Man becomes first to swim at North Pole

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Tuesday, July 17, 2007

Lewis Gordon Pugh, 37, a man from the United Kingdom has become the first person to swim at the North pole. The water, 29 degrees F (-1.8 C), is believed to be the coldest waters any human has ever swam in on the planet.

"I am obviously ecstatic to have succeeded but this swim is a triumph and a tragedy. A triumph that I could swim in such ferocious conditions, but a tragedy that it's possible to swim at the North Pole," said Pugh who swam 0.6 miles in just under 19 minutes through cracks in icebergs.

Pugh says he swam at the North Pole to demonstrate the effects that global warming is playing on the Earth and is hoping that his act will gain the attention of leaders from around the world.

"The decisions which they make over the next few years will determine the biodiversity of our world. I want my children, and their children, to know that polar bears are still living in the Arctic — these creatures are on the front line up here," added Pugh.

The World Wide Fund for Nature (WWF), which sponsored the swim, states that the only reason Pugh was able to swim in the freezing waters was due to global warming.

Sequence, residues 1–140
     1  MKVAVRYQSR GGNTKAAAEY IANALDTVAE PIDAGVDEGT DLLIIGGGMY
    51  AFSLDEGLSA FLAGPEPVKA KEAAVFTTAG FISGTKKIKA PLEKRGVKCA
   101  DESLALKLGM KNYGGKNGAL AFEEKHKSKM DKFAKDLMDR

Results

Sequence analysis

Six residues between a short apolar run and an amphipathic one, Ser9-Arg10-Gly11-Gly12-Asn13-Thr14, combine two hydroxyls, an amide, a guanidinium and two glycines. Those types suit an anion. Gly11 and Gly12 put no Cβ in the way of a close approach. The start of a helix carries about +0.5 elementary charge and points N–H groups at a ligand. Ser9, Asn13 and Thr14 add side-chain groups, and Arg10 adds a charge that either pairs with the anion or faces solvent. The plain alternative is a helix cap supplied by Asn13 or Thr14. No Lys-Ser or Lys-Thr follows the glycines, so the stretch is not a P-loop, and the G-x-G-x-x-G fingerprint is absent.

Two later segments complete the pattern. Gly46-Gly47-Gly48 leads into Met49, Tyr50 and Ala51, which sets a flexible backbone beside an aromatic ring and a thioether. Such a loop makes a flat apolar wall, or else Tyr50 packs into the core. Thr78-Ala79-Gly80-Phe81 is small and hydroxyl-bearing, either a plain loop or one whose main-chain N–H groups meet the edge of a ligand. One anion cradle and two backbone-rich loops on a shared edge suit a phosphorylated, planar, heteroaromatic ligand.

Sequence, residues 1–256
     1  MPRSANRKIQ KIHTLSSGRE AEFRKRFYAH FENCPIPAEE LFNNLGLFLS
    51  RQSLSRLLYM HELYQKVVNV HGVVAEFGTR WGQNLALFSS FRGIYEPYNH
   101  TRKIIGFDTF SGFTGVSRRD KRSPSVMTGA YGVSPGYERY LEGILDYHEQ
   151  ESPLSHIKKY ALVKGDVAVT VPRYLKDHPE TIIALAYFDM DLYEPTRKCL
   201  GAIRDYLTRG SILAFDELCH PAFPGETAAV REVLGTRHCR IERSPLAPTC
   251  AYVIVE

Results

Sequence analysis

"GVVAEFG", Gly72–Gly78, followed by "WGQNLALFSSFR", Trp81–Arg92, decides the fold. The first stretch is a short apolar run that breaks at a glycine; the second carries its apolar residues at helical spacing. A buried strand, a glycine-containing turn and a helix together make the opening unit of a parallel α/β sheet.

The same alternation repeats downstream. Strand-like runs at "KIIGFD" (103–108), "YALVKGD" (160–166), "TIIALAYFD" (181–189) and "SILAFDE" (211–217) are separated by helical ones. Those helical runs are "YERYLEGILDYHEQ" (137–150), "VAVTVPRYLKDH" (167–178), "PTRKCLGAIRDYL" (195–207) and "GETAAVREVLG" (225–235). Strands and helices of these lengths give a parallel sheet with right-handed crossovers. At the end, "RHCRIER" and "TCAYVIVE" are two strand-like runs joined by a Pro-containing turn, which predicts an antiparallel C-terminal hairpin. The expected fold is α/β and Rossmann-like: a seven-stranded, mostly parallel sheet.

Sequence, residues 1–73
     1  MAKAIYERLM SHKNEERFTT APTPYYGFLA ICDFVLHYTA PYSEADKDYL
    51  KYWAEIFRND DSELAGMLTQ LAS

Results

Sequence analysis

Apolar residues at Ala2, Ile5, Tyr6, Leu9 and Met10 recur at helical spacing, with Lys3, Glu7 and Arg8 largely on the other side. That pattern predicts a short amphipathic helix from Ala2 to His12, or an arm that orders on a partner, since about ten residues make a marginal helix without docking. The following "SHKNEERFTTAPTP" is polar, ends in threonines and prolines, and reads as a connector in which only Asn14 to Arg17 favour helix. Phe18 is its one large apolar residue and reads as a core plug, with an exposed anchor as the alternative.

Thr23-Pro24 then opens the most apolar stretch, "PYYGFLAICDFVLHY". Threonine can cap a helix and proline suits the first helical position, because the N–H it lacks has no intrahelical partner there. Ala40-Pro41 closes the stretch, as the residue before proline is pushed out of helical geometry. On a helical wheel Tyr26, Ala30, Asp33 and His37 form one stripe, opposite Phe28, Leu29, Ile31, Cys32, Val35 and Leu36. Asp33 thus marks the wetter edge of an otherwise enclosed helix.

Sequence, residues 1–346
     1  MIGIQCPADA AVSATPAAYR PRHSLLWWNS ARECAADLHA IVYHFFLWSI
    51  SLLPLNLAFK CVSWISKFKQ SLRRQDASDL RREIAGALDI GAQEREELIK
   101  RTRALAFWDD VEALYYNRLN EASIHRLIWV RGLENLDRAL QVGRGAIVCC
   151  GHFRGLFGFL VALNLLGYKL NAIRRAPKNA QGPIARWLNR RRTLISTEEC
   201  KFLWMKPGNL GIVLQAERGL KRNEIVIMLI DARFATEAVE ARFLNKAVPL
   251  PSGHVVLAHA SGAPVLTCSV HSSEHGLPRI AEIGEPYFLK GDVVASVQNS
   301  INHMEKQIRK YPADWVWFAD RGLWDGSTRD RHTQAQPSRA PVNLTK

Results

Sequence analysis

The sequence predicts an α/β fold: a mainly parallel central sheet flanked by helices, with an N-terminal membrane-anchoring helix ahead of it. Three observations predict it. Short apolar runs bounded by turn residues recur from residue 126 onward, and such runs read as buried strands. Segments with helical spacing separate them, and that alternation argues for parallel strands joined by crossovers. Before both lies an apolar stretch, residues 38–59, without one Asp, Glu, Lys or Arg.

"[The swim was] a bittersweet victory, as this swim has only been possible because of climate change," said WWF U.K. spokesman, Colin Butfield. The waters were completely frozen ten years ago and the swim would have been impossible to complete.

Pugh has also swum in the waters of Antarctica where he was credited to being the only person to swim so far south earning him the nickname "The Polar Bear." Pugh also swam the Indian Ocean.

"It was frightening. The pain was immediate and felt like my body was on fire. I was in excruciating pain from beginning to end and I nearly quit on a few occasions. It was without doubt the hardest swim of my life," added Pugh.

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